Sold for $121,000 at 2011 RM Auctions
Sold for $148,500 at 2016 RM Auctions
For 1954, Buick completely redesigned the Roadmaster and shared its new C-Body platform with the Super Line. In 1957, it was given a new body, 10 extra inches to its length, and a rakishly lower roofline. The Series 70 Roadmaster came in two- and four-door hardtop and convertible models. It was given sweepspear side accents, front-fender 'ventiports,' 'Dagmar' bumpers and fully-radiused rear fenders. Inside, there was a padded dashboard, several options of premium upholstery choices and a bright metallic overall dash motif. The 76C Convertible Coupe models were even more luxurious, with rich leather upholstery.
Benefitting from their involvement in NASCAR competition, Buick introduced the 322 cubic-inch 'Nailhead' v-8 in 1953. This evolved into a 364 cubic-inch, 300 bhp powerplant for 1957. This engine was shared with the Century line and featured a 10.0:1 compression ratio, and fitted with either a Carter or a Rochester four-barrel carburetor.
For 1957, there were just 4,364 examples of the Roadmaster Convertible produced, and each carried a base price of $4,066. This example has been given a nut-and-bolt, body-off restoration and finished in two-tone black and red. It has a black Everflex top with a red top boot, a red leather interior and 40-spoke chrome wire wheels with whitewall tires. There are power brakes, power steering, power windows, Wonder Bar pushbutton AM radio and power antenna, a heater/defroster and a clock.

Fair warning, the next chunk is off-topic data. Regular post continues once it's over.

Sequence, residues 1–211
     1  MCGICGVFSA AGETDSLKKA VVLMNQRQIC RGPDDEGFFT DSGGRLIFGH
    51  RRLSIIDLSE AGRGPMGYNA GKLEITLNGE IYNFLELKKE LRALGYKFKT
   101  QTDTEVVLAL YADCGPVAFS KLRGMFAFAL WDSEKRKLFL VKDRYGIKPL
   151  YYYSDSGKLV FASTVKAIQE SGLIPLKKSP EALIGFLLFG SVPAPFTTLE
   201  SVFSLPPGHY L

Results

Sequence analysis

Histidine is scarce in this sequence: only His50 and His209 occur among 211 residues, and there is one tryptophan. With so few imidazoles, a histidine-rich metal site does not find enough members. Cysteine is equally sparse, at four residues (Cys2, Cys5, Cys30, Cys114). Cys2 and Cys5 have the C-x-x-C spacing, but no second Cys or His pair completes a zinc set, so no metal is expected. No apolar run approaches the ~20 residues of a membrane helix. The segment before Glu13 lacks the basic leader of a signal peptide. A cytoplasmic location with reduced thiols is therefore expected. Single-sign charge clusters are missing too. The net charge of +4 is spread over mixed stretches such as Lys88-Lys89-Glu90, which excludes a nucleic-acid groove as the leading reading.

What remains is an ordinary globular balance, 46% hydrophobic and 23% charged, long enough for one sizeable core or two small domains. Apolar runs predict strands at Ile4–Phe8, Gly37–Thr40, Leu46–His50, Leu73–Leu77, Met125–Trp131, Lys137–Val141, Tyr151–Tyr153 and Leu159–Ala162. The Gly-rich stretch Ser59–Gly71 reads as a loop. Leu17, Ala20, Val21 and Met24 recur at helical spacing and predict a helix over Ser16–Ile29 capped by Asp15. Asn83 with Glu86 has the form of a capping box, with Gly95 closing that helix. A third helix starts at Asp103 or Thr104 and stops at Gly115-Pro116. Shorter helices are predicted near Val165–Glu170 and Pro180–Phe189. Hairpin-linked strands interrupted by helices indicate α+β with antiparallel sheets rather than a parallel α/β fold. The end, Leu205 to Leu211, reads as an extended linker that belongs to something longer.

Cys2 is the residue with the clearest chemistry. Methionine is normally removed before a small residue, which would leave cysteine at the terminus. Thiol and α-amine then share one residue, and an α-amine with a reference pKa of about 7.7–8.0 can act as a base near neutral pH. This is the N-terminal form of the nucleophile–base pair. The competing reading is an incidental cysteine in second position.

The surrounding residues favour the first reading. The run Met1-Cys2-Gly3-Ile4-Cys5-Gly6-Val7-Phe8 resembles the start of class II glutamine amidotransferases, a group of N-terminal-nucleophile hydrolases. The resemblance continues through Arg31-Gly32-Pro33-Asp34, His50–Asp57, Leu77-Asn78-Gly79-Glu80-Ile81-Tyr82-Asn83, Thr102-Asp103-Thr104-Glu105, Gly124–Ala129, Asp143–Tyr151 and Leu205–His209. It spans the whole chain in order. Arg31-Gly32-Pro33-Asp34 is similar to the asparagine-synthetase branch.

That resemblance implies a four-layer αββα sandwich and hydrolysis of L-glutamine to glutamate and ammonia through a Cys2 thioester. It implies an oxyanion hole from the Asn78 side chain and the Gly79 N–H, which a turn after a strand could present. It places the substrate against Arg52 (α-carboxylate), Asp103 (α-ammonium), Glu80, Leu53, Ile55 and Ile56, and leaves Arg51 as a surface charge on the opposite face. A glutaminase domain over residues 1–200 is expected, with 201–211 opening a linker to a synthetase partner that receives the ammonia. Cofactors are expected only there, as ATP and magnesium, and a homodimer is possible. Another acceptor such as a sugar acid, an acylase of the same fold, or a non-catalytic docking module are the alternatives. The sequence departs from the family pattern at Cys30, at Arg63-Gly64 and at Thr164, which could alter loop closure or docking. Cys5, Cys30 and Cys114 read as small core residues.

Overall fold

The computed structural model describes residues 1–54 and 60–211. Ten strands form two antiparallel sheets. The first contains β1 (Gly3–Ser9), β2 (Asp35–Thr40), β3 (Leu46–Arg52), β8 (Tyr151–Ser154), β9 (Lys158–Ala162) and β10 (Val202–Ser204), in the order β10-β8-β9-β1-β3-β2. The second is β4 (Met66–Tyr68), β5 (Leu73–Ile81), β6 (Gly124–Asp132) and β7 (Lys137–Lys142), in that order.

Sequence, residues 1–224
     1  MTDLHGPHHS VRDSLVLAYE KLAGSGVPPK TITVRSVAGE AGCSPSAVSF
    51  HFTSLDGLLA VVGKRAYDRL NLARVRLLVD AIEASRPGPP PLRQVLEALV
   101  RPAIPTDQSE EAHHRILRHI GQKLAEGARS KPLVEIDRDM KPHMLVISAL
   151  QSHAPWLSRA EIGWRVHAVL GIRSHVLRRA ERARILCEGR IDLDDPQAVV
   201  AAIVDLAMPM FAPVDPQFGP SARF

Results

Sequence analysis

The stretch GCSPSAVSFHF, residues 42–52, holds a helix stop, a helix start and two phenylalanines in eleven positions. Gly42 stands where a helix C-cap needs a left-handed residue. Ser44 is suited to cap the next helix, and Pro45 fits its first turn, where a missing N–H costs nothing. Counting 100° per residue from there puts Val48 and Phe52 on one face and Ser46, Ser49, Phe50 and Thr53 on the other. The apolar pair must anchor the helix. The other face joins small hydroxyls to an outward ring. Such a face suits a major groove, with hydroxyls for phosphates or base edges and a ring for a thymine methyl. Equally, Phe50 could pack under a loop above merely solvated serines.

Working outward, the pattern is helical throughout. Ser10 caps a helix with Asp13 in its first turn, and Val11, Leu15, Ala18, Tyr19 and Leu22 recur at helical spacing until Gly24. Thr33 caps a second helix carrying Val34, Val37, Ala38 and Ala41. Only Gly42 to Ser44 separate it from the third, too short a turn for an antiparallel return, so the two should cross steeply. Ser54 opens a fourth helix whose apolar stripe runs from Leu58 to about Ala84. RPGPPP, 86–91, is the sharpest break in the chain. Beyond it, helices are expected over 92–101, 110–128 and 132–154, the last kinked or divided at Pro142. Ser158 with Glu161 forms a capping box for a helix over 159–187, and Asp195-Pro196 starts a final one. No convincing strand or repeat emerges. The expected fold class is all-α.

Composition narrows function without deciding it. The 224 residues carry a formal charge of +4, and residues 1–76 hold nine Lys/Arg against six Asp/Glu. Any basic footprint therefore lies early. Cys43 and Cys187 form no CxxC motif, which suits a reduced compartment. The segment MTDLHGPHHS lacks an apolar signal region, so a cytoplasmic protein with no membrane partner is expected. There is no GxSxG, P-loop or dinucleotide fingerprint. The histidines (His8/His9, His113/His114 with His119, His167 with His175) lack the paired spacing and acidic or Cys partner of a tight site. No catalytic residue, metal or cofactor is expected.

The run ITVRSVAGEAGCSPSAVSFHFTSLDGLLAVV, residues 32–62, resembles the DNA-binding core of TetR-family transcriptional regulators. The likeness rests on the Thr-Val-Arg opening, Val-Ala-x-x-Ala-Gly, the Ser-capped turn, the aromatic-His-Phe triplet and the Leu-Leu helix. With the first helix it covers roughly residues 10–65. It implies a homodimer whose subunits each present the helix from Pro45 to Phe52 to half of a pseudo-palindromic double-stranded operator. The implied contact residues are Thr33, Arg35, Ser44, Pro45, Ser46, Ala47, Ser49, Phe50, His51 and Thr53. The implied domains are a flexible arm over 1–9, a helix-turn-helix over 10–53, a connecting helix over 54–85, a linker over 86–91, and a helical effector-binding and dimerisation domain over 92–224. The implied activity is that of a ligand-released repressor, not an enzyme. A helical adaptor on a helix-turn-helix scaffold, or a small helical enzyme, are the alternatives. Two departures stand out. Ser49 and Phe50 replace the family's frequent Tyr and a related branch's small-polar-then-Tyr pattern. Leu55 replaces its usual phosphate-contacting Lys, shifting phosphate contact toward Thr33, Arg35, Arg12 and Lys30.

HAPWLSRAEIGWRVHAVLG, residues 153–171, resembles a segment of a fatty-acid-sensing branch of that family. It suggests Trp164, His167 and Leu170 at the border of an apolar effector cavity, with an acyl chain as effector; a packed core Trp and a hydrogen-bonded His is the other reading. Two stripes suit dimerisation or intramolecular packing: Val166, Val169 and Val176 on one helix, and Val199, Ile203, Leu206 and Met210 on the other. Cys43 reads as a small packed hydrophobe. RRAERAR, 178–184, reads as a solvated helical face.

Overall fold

In 2011, the car was offered for sale at the RM Auction in Scottsdale, Arizona. It was estimated to sell for $125,000 - $150,000. As bidding came to a close, the car had been sold for the sum of $121,000 including buyer's premium.By Daniel Vaughan | Feb 2011
The Roadmaster named first appeared on Buick automobiles in 1936 as a celebration of their engineering improvements and advancements in design. The Buick Series 80 became known as the Roadmaster. The Roadmasters were built on the longest wheelbase Buick had to offer. From 1946 through 1957 they were the most elegant and prestigious automobiles that Buick sold.
From 1936 through 1948 the Roadmaster appeared in coupe, sedan, convertible and station wagon bodystyles. A hardtop coupe was added in 1949 and dubbed the Riviera.
The Roadmaster named reappeared in 1991 and continued in production until 1996. It served as a replacement for the Electra model line and offered as an Estate Wagon. A sedan was introduced in 1992.
The end of the 1953 Buick Roadmaster station wagon meant the end of the last wood-bodied station wagon to be mass-produced in the United States. In 1996, the end of the Buick Roadmaster Estate Wagon meant the end of the full-size family station wagons.
By Daniel Vaughan | Mar 2006